Though startling, the charge that Islamabad is protecting and sustaining forces fighting and killing Americans is not a new one. When the United States halted operations in Afghanistan after the defeat of the Soviets in 1989, U.S. policy was to turn over operations in Afghanistan to Pakistan.  U.S. strategy was to use Islamist militants to fight the Soviets and to use Pakistani liaisons through the ISI to supply and coordinate with them. When the Soviets and Americans left Afghanistan, the ISI struggled to install a government composed of its allies until the Taliban took over Kabul in 1996. The ISI’s relationship with the Taliban – which in many ways are the heirs to the anti-Soviet mujahideen – is widely known. In my book, “America’s Secret War,” I discussed both this issue and the role of Gul. These documents claim that this relationship remains intact. Apart from Pakistani denials, U.S. officials and military officers frequently made this charge off the record, and on the record occasionally. The leaks on this score are interesting, but they will shock only those who didn’t pay attention or who want to be shocked.

Let’s step back and consider the conflict dispassionately. The United States forced the Taliban from power. It never defeated the Taliban nor did it make a serious effort to do so, as that would require massive resources the United States doesn’t have. Afghanistan is a secondary issue for the United States, especially since al Qaeda has established bases in a number of other countries, particularly Pakistan, making the occupation of Afghanistan irrelevant to fighting al Qaeda.

For Pakistan, however, Afghanistan is an area of fundamental strategic interest. The region’s main ethnic group, the Pashtun, stretch across the Afghan-Pakistani border. Moreover, were a hostile force present in Afghanistan, as one was during the Soviet occupation, Pakistan would face threats in the west as well as the challenge posed by India in the east. For Pakistan, an Afghanistan under Pakistani influence or at least a benign Afghanistan is a matter of overriding strategic importance.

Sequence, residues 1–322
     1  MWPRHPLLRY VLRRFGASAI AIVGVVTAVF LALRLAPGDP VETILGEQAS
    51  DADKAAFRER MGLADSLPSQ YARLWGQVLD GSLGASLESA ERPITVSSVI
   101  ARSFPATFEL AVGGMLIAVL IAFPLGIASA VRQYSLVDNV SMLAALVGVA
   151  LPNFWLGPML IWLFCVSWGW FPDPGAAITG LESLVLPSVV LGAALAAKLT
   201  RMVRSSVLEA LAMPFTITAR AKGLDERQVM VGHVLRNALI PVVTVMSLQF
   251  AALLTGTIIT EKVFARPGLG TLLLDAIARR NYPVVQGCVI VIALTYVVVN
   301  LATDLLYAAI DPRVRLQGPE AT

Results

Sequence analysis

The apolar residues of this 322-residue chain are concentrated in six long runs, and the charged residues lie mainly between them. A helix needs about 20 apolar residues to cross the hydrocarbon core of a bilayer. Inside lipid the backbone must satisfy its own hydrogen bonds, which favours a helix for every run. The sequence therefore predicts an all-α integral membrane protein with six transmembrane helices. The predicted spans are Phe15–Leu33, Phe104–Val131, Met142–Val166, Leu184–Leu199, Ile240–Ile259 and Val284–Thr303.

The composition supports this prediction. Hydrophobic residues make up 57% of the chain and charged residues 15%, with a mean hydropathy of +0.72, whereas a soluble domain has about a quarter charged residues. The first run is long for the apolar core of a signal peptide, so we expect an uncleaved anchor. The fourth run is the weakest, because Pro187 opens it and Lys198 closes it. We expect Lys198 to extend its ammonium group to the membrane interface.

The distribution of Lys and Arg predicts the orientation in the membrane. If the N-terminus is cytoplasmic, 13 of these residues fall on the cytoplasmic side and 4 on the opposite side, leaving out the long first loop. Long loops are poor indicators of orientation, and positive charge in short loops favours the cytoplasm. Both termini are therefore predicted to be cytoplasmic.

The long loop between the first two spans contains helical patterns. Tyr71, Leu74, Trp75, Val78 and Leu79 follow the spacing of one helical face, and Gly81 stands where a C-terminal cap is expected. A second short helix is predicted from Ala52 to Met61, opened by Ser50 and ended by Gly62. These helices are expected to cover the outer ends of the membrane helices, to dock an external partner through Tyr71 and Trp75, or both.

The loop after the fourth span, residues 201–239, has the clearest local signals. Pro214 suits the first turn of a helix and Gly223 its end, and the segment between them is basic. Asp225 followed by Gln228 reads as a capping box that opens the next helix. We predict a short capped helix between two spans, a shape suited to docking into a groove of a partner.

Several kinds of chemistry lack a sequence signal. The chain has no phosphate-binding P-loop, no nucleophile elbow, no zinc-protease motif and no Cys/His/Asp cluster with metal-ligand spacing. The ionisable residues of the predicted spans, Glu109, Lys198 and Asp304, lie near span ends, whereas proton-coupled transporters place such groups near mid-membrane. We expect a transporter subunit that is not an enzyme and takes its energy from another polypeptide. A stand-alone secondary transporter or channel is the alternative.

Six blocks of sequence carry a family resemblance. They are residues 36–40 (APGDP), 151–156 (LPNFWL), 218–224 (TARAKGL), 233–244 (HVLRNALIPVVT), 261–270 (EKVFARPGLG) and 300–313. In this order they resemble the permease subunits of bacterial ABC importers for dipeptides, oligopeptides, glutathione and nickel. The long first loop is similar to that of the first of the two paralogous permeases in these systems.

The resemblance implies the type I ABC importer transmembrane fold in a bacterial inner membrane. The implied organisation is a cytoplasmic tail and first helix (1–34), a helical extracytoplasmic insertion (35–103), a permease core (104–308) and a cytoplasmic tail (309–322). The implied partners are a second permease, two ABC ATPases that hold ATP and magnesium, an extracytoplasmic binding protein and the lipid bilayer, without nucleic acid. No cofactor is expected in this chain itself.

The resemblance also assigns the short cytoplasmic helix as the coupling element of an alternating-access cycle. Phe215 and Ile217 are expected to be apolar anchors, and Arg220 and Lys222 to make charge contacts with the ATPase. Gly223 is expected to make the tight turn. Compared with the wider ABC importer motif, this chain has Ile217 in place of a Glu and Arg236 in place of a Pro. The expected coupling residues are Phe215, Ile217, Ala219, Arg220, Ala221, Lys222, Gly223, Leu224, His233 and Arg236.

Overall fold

WikiLeaks and the Afghan War

It is therefore irrational to expect the Pakistanis to halt collaboration with the force that they expect to be a major part of the government of Afghanistan when the United States leaves. The Pakistanis never expected the United States to maintain a presence in Afghanistan permanently. They understood that Afghanistan was a means toward an end, and not an end in itself. They understood this under George W. Bush. They understand it even more clearly under Barack Obama, who made withdrawal a policy goal.

Given that they don’t expect the Taliban to be defeated, and given that they are not interested in chaos in Afghanistan, it follows that they will maintain close relations with and support for the Taliban. Given that the United States is powerful and is Pakistan‘s only lever against India, the Pakistanis will not make this their public policy, however. The United States has thus created a situation in which the only rational policy for Pakistan is two-tiered, consisting of overt opposition to the Taliban and covert support for the Taliban.

This is duplicitous only if you close your eyes to the Pakistani reality, which the Americans never did. There was ample evidence, as the WikiLeaks show, of covert ISI ties to the Taliban. The Americans knew they couldn’t break those ties. They settled for what support Pakistan could give them while constantly pressing them harder and harder until genuine fears in Washington emerged that Pakistan could destabilize altogether. Since a stable Pakistan is more important to the United States than a victory in Afghanistan – which it wasn’t going to get anyway – the
United States released pressure and increased aid. If Pakistan collapsed, then India would be the sole regional power, not something the United States wants.

The WikiLeaks seem to show that like sausage-making, one should never look too closely at how wars are fought, particularly coalition warfare. Even the strongest alliances, such as that between the United States and the United Kingdom in World War II, are fraught with deceit and dissension. London was fighting to save its empire, an end Washington was hostile to; much intrigue ensued. The U.S.-Pakistani alliance is not nearly as trusting. The United States is fighting to deny al Qaeda a base in Afghanistan while Pakistan is fighting to secure its western frontier and its internal stability. These are very different ends that have very different levels of urgency.